This next scan will mark the growth again. Dr. Anderson will assess if there is enough stability to continue the one drug or if we need to add Keytruda, an infusion drug, to help stimulate the immune system further. I am not sure what to wish for, since the addition of the Keytruda means we reset the clock and start the treatment protocol as of day one on June 14. The last three months are wiped off the record and we go again with the weekly testing and blood draws. On the other hand, it means we are pulling out all the stops and wage full out war.

Meanwhile, we wait. Wait to plan for the summer. Wait to plan for seeing a Giants game in August and a Mariners game in September. Wait to plan for a Mavericks concert in Portland. Wait to plan for work. Wait. How will I feel if I am on the new drug? What will the new protocol calendar look like? Wait. Wait. Wait.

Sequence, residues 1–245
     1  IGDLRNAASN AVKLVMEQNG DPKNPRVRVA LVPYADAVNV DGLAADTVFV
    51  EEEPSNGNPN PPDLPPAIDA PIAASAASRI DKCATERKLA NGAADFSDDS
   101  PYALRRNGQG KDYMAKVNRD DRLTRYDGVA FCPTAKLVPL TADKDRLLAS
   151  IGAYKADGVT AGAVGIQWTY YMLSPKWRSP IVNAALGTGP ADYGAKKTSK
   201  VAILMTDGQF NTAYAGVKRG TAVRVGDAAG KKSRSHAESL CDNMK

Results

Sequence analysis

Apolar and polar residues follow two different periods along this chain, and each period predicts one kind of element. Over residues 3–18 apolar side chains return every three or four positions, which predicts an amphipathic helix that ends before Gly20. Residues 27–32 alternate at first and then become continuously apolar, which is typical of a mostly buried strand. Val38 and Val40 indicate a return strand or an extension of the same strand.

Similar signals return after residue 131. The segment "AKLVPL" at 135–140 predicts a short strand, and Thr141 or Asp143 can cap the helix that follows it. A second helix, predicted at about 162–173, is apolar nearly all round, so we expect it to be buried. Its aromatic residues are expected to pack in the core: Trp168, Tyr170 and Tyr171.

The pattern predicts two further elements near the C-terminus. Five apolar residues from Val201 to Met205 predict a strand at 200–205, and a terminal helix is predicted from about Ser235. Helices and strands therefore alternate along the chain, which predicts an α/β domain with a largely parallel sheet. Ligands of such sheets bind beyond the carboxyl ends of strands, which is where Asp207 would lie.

Yesterday was the first day I have felt anxious about this process. I can't explain why, except to blame human nature for being impatient with all the waiting. My daughter was disappointed this was not going to be a cure but a maintenance of the cancer. It struck me that I may feel "fine" for the rest of my life. That the measure for how I feel on a given day may be a game of inches. Again, it comes to that thin line between aging gracefully and immunotherapy. But the reality is, once you have cancer, you are forever waiting. Waiting for the other shoe to drop. Waiting for the monthly, quarterly and yearly check-ups to give you peace of mind or toss you in the tornado of medical practice.

We learn to wait with hope and faith. In the infamous words of Dory in Finding Nemo, "when life gets you down, you know what you got to do? Just keep swimming, just keep swimming."